I don’t remember how Piecing Me Together by Renée Watson (Bloomsbury, 2017) ended up on my TBR. Likely, it was from another book blogger (thanks, whoever you are!), because I had three of her books on there- one down, two to go! The other two are available at my library; I’m pretty sure at least one of them is available only in ebook form- which is totally fine, but I just don’t get to the ebooks as quickly as I do the paper copies. Which is odd; I love ebooks and reading on my kindle, but I guess I enjoy the trip to the library and being able to see that new stack of books even more. 😉
Jade is a Black student at a nearly-all-white private school, a situation that has provided her with a great education, but which has made for some uncomfortable situations, and about which she often feels guilty when she’s hanging out with her neighborhood friends. So often, the opportunities she’s offered at this school feel…demeaning. Like they’re not seeing Jade for who she is, but just someone to help so that someone else can feel good about themselves. It’s not great.
The new program Jade’s been invited to be part of, Woman to Woman, fits into this category. Her new mentor, Maxine, is Black, but she’s privileged in ways that Jade has never been, and that makes it hard to relate to her. The program, if completed, comes with a promise of a college scholarship, but at times, Jade’s not sure it’s worth suffering the microaggressions, the assertions that girls like her need to be different, that who they are isn’t enough already. But Jade comes to understand that there are lessons to be learned in every situation, that her voice is powerful and ready to be used, and that by using it, she can make changes for herself and for other girls that stretch far into the future.
I really enjoyed this. Jade knows herself well, which is always great in a YA character (I sure didn’t have that kind of confidence when I was young, but I was also wracked with anxiety and depression, sooooooo). She just needs a gentle nudge here and there and to be pointed in the right direction. A little encouragement goes a long, long way, and this story is a good reminder not only of that, but of what teenagers are capable of. I really wish our society weren’t so willing to write them off as ridiculous and unformed, because honestly, teenagers are pretty darn awesome.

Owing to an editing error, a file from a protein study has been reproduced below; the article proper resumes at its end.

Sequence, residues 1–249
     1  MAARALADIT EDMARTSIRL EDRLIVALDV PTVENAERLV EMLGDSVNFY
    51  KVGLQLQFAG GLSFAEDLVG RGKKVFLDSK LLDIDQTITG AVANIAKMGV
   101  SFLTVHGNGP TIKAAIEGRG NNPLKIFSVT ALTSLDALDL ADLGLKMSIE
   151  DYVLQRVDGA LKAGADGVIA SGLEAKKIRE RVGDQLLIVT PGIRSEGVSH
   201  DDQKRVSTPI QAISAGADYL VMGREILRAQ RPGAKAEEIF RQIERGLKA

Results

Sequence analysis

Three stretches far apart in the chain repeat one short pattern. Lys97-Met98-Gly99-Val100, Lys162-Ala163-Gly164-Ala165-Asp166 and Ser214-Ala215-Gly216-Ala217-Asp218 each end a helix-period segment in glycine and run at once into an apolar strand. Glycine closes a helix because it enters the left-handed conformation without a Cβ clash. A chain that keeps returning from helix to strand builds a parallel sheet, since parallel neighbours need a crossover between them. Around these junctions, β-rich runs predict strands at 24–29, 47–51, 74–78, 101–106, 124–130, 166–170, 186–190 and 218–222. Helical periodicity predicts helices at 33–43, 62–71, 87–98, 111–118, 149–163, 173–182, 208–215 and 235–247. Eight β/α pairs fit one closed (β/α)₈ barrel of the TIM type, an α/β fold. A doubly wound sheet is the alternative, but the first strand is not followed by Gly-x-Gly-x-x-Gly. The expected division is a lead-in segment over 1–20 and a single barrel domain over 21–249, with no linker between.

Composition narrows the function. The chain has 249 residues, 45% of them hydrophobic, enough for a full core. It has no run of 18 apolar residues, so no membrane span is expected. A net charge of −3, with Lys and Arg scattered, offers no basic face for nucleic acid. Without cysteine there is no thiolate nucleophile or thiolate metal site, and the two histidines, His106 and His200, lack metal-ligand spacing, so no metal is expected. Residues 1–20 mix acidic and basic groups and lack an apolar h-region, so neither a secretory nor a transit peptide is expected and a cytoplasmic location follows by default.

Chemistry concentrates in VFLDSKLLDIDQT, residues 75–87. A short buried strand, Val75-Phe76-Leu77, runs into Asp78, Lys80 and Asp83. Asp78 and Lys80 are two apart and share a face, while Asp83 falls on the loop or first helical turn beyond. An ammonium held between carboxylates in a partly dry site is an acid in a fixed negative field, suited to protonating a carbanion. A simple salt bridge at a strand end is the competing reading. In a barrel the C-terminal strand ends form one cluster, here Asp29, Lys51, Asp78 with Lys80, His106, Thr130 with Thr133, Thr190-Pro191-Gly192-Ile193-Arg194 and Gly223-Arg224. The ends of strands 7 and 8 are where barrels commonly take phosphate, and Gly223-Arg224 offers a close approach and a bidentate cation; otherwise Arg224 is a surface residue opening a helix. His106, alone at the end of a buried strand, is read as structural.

Something I really enjoyed about this book was Jade as an artist. Her medium is collage, something I’ve come to enjoy after noticing how often it pops up in the children’s books I’ve read with my daughter (Victoria Kann of the Pinkalicious books and Eric Carle, may his memory be a blessing, are some popular ones, but I even noticed it in a nonfiction book we read yesterday). Jade used items like newspapers, with their painful headlines, and turned ugly things into beauty. This kept my brain working, trying to figure out what her pieces might look like. I draw from time to time, but collage is beyond my ability, but I really like the idea of a teenager viewing the world like this and expressing herself through this medium. I’m going to have to keep an eye on the local high school’s art shows when those start happening again, because I’d really enjoy seeing more of how kids like Jade see the world.
This is a quick read, but it leaves the reader with a lot to consider: how are you treating the disadvantaged kids in your life? As full people who have their own ideas and connections to the world, or as empty vessels to pour your own points of view into? What kind of microaggressions have you been responsible for, and how will you work to remedy that? I’m looking forward to reading the other books from Ms. Watson on my list, because, as always, I know I have a lot to learn, and she’s an excellent teacher.